By: Courtney Akinosho
When I first decided against relaxing my hair in October 2008, I fantasized about growing thick, luscious, bouncy curls that hung down my back for days. You know, the waist length natural hair that we all lust after? Like many women, I’ve always had long hair and friends, family and suitors all saw it as a signature part of my style. So imagine the shock on everyone’s faces – even mine – when six years later, I cut my waist-length hair…to a tapered fade (Check out 6 Ways to Rock a Tapered Fade), no less, right before a holiday.
[ad name=”Media.net”]Now one year, four months post-second big chop, I can safely say I have no regrets about ditching waist-length natural hair for a TWA, and here’s why:
- Wearing hats is now my go-to style, one I was never able to achieve before.
Turbans and hats are truly a lazy natural’s dream. But aside from the many head wrapping options that there are, dressing up an outfit with a hat is another level of fun that I’d never had before now. 12 Lazy Hairstyles for Natural Hair
- I see my face in a new light. I mean really see my face.
If you’ve never used your hair as a disguise, you won’t believe how easy it is to hide behind in times of anxiety or distress. Despite my somewhat outgoing nature, I always used my hair as a security blanket. Once those inches were gone, I had no choice but to get acquainted with the “new” face in the mirror. Though skeptical about wearing my forehead in public, my husband was extremely supportive of my short ‘do. “It really brings out the shape of your face, your beautiful eyes and the natural arch of your brows.” he said. You know what? He’s right. How’s that for a boost in confidence?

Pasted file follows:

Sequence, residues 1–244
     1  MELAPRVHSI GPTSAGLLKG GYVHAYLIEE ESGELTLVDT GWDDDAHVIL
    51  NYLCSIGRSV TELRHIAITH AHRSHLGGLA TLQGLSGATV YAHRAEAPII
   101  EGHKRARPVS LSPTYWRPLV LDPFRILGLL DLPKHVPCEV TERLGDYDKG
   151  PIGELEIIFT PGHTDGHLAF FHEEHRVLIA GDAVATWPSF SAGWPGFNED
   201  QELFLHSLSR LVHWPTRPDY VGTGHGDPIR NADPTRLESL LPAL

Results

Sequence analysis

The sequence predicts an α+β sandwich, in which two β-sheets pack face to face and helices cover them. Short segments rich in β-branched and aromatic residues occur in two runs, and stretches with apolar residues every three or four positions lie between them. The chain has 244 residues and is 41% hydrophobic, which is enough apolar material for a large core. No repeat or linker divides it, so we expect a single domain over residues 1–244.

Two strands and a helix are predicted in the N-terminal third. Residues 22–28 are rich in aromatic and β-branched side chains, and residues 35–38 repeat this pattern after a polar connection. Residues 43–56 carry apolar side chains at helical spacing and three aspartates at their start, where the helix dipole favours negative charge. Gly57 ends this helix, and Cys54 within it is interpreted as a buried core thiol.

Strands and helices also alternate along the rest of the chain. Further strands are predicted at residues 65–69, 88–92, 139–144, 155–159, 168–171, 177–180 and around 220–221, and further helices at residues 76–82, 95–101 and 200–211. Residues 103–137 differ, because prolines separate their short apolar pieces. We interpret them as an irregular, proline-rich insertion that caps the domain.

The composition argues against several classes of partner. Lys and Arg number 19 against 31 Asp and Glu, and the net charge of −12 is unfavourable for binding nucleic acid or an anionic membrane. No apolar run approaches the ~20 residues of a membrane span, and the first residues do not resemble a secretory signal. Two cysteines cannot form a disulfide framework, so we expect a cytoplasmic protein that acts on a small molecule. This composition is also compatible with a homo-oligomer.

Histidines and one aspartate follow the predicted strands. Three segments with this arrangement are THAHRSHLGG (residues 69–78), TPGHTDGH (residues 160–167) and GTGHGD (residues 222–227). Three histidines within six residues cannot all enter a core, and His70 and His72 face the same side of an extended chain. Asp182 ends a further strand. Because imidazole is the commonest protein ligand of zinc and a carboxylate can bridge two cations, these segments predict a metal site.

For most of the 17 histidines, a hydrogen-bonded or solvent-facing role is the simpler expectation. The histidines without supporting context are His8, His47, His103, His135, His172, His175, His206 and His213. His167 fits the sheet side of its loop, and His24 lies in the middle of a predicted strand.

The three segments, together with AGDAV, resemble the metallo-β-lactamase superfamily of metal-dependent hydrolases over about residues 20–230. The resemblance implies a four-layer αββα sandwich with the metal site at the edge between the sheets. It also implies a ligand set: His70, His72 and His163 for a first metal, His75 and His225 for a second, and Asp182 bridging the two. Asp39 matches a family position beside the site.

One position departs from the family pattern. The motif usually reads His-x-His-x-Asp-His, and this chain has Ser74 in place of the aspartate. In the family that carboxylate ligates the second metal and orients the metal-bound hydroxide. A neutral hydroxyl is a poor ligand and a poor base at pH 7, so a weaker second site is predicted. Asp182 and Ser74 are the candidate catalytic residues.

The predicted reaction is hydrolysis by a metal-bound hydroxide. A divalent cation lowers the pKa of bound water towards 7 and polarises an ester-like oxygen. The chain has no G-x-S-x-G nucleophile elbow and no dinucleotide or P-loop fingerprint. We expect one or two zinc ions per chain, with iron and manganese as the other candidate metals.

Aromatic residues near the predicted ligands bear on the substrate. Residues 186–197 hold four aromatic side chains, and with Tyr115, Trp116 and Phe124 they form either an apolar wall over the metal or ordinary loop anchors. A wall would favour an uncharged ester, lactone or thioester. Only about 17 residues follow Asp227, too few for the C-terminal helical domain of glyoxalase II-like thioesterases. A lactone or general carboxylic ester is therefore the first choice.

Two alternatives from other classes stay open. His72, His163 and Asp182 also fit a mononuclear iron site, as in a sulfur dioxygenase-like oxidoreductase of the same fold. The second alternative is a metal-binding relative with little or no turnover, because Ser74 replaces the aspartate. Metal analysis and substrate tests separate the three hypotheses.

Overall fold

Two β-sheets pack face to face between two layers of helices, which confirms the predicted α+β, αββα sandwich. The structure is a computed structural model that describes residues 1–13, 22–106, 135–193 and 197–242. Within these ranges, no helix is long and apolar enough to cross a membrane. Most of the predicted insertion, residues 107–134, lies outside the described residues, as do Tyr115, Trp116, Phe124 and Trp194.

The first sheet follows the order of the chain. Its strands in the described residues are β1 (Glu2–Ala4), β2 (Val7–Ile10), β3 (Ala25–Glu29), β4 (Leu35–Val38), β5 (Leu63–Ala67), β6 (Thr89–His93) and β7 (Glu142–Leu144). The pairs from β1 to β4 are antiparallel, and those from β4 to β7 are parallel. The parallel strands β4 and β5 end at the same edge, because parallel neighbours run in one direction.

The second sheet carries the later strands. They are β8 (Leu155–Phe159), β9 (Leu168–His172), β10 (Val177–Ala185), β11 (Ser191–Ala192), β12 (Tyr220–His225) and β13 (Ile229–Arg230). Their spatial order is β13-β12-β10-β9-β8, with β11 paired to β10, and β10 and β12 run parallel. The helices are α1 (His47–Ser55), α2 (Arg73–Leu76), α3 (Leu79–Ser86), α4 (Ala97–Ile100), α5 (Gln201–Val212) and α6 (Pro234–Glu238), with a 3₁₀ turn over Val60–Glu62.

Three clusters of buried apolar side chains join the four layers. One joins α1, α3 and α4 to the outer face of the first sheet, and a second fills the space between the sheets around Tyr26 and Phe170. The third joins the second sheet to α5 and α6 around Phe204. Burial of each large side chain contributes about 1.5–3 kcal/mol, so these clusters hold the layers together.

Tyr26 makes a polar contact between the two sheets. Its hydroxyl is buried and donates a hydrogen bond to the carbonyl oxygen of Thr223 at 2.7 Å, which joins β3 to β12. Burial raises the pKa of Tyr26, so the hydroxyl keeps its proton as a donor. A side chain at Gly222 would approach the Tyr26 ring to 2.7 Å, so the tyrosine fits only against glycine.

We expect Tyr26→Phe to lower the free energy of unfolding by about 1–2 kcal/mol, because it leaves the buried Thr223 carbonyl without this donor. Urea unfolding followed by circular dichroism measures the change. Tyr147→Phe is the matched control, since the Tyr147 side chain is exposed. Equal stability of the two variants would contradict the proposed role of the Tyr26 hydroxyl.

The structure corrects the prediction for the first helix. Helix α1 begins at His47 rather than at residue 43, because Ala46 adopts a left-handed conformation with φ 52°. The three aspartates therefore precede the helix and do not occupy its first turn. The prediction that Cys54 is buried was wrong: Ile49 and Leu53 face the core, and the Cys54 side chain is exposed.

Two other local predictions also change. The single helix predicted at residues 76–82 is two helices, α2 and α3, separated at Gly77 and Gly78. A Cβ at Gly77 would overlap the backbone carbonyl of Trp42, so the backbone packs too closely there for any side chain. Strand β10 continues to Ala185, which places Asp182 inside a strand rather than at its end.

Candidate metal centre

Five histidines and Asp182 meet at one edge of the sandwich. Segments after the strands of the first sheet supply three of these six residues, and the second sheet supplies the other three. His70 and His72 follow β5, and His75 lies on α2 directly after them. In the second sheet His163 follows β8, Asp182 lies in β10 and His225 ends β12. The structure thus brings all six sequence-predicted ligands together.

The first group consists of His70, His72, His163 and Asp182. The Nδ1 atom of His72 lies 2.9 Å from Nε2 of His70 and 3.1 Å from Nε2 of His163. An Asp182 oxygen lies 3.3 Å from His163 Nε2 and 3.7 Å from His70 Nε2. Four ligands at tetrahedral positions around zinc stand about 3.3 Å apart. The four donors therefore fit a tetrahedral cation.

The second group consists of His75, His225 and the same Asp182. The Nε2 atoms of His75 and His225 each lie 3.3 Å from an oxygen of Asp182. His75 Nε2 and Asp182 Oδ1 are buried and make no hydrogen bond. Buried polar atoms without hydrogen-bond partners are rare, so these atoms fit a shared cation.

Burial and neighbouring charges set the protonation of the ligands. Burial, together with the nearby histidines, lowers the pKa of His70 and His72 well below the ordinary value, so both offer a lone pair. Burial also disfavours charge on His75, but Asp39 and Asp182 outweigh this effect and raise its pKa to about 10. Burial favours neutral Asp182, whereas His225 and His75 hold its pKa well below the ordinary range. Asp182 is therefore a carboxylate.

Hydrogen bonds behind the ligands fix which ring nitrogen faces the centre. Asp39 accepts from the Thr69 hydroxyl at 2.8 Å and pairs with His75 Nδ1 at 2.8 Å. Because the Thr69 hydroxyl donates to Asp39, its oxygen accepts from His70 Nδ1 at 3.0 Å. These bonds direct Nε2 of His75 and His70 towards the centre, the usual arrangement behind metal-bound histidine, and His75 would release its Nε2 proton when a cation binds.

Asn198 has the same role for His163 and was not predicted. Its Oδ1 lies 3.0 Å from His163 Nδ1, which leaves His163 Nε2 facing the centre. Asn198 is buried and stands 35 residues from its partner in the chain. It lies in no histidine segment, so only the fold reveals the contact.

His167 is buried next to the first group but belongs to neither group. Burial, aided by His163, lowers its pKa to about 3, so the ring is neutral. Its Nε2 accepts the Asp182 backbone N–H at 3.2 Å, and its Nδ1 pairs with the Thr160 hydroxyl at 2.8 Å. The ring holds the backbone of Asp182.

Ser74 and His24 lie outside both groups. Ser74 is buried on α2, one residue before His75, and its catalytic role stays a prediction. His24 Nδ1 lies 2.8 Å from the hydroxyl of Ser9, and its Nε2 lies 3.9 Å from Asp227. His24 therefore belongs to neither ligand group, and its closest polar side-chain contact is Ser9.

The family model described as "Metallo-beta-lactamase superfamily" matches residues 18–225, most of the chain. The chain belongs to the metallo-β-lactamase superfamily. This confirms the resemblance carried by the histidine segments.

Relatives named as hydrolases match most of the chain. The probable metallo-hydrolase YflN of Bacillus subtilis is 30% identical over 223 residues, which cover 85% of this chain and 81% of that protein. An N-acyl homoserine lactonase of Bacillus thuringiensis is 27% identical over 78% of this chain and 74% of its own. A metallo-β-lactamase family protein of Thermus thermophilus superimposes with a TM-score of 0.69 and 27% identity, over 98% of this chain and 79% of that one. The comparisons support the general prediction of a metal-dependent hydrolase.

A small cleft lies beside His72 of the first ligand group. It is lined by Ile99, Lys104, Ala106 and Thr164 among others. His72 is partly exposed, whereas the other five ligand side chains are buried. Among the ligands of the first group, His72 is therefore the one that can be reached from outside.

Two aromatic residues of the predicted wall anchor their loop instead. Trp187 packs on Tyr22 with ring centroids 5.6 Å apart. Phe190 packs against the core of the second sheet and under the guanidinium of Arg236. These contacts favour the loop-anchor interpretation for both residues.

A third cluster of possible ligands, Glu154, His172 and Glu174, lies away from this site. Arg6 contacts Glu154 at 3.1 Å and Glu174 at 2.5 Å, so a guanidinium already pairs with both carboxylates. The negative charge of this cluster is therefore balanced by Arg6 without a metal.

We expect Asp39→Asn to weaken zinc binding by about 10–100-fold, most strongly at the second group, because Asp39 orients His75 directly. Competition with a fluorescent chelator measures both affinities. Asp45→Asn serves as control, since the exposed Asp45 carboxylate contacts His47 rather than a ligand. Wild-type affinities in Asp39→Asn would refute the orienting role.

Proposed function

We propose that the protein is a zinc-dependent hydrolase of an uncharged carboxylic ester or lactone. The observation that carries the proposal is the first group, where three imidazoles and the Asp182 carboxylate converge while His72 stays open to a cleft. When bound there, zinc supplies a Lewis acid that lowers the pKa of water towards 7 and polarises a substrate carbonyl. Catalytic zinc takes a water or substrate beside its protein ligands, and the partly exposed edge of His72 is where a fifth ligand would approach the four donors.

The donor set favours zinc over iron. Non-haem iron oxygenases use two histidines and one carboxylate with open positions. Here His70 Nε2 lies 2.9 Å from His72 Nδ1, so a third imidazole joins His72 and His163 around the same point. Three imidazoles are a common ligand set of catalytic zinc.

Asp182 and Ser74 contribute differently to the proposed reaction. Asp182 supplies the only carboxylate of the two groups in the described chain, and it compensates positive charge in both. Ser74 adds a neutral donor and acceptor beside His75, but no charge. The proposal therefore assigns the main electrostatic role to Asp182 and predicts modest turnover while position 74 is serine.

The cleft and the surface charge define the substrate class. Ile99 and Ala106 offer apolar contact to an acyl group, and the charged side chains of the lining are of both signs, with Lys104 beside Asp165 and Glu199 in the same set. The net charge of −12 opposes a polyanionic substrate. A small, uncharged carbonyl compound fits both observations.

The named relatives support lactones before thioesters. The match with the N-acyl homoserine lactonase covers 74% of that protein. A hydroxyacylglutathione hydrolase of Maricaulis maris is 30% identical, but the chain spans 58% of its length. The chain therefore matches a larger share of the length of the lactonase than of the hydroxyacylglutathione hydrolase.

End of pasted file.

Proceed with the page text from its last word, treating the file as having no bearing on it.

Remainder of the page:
- Protective styles are neater and last longer.
One thing I hated about protective styling with box braids or Senegalese twists is that the investment hardly seemed worth it. A week after an install, I’d notice frizzy ends sticking out from braids or twists, refusing to seamlessly blend. I also worried about moisturizing my hair and whether or not that would make the style heavier/oilier/stinkier/looser. Having shorter hair seemed to solve that problem the next time I tried a protective style. 5 Reasons You Should Protective Style
- I’m making new friends who share interests other than hair.
Achieving waist length natural hair will undoubtedly bring questions from newcomers and even seasoned naturals who are curious about hair growth and length retention. Although I never considered myself a hair blogger, my social media following grew from networking with other naturals, offering advice and attending hair-centered events. Funny, but people don’t ask as many coif questions when you’re rocking a TWA. This leads to conversations about any number of things, and ultimately, I’ve formed a new group of friends who seldom talk about their strands.
- I’m finally enjoying the TWA stage.
When the goal was to achieve long hair, my focus grew away from best practices or low maintenance styles, and grew towards showing off all that length. There’s nothing wrong with setting length goals, but personally, they took away from my initial belief in having healthy, bouncy tresses. The irony. This time around I’ve forgone flat irons and blow dried styles for flat twists, a weekly wash-n-go and heat-free updos. Faux double buns with real bangs? Sure. Butterfly headband? Why not?
- Medical conditions and health concerns aside, I can always grow long hair again.
If there’s anything I’ve learned in these 7 relaxer-free years, it’s that appearances are temporary. I may have short hair this month, but I can have long hair next year if I continue on this healthy hair journey until then. More importantly, I can be happy and love myself regardless of my hair’s length.
Have any of you decided to big chop again? Are you surprised that I cut my waist-length natural hair with no regrets?
I’d love to hear your thoughts about celebrating the TWA. Leave your kind comments below!